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### Do the old maps give the light pollution when there is snow on the ground? Short answer: No.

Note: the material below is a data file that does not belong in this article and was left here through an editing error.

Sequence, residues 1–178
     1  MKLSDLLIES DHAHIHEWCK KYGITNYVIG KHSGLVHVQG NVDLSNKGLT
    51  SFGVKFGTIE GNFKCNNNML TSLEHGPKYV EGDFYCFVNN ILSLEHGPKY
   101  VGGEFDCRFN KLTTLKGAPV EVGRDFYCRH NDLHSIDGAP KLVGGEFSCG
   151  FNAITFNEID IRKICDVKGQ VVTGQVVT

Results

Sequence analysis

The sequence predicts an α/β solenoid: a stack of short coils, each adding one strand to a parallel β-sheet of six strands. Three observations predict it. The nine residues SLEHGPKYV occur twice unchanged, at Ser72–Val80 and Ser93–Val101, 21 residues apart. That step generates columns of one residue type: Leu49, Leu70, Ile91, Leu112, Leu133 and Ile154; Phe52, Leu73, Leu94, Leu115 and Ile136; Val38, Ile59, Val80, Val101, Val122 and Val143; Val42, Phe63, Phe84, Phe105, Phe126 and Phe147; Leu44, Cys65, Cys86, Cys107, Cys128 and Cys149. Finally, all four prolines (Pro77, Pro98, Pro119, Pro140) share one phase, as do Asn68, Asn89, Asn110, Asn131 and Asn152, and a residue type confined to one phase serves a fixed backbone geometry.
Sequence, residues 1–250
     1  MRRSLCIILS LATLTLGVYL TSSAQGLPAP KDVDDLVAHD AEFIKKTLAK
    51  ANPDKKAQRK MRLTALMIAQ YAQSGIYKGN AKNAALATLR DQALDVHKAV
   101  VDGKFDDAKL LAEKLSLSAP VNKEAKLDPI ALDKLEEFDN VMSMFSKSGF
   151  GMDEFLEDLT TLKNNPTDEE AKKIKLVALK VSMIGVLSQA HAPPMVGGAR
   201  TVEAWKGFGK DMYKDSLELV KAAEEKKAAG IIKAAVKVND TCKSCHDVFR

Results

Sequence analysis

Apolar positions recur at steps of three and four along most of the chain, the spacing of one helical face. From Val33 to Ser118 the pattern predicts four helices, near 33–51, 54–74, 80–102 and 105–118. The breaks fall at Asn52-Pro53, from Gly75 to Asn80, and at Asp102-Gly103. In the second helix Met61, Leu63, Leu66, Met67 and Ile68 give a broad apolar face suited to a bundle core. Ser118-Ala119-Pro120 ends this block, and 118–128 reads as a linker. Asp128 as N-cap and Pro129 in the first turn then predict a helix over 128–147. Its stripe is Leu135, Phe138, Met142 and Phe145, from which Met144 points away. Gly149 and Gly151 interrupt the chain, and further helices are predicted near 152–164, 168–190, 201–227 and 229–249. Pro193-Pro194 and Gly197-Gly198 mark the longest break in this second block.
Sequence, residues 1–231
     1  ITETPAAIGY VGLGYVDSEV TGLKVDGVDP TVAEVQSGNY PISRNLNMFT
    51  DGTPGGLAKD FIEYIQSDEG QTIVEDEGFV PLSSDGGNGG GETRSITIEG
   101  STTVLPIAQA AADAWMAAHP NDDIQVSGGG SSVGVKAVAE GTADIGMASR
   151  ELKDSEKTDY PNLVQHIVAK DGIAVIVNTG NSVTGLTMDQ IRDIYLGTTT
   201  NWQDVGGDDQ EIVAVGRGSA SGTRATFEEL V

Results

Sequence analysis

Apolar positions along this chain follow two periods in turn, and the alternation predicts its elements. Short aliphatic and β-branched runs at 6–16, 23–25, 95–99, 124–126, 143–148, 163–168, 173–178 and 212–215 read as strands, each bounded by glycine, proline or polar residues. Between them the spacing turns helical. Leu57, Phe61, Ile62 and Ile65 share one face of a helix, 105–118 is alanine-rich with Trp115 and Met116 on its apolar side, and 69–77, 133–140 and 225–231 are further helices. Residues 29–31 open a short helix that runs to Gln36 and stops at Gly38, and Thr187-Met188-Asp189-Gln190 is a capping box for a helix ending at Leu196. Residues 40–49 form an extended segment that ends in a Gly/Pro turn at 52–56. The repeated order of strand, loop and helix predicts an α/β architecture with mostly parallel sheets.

One might think that at least the original light pollution atlas gives the light pollution during those times of the year when there is snow on the ground. However, as first noted by Sky & Telescope editor, Tony Flanders, in this Cloudy Nights thread, the original atlas is overestimating the light pollution when there is snow on the ground as well. Within the context of the model used to calculate the light pollution atlas, you can even calculate the amount that the original light pollution atlas over-estimates the light pollution. In the figure and text below, I compare the light pollution due to a single source of light with snow and without snow cover: The original light polution model has the albedo of the ground as a parameter, so changing this from the default setting to a snow-like setting will give the effect of snow.  The albedo of snow is:  Fresh snow, dry = 0.85  Fresh snow, wet = 0.80  Old snow, dry, clean = 0.70  Old snow, wet, clean = 0.60  Old snow, wet, medium dirty = 0.50  Old snow, wet, heavily dirty = 0.40  I used the new wet snow (0.80) and the old, wet, clean snow (0.60). The effect of snow in "reality" (i.e. the light pollution model, but properly taking into account the reflectivity of snow) with these parameter settings is given by the purple and blue curves in the figure below. The snow effect is largest closest to the source, and decreases to about 25% larger at a distance of 300km.  If the satellite predominantly measures light directed nearly straight up, then it is measuring mostly reflected light. To make the light pollution map from a satellite, you use this "straight up" light as a proxy for the light in all directions. If you assume the wrong surface albedo (which is what you do if you apply an asphalt/concrete albedo to snow covered ground (as in the original atlas)), then you essentially multiply all the light by a certain factor independent of direction. This is unlike reality, where snow only changes the reflected component. The factor that you wrongly apply to all light is simply the albedo of snow divided by default, asphalt/concrete albedo (=0.15). The effect of snow wrongly estimated from the satellite is shown by the red and orange lines.  So, the original light pollution atlas is not very useful even when there is snow on the ground. For example, if the snow albedo is 0.6, the orignal light pollution atlas increases the light pollution by a factor of 4 everywhere (= 1.3 light pollution zones). In reality, the effect of snow is more like the blue curve, which is a factor of 1.7 at 30km (= 0.5 light pollution zones) and smaller for greater distnces. If, on the other hand, you do take into account the snow albedo, then the satellite data shoud correctly recover the blue and purple curves.  (For a point source, the blue and purple curves would go up to the orange and red at very close distances. The source here has a finite size.)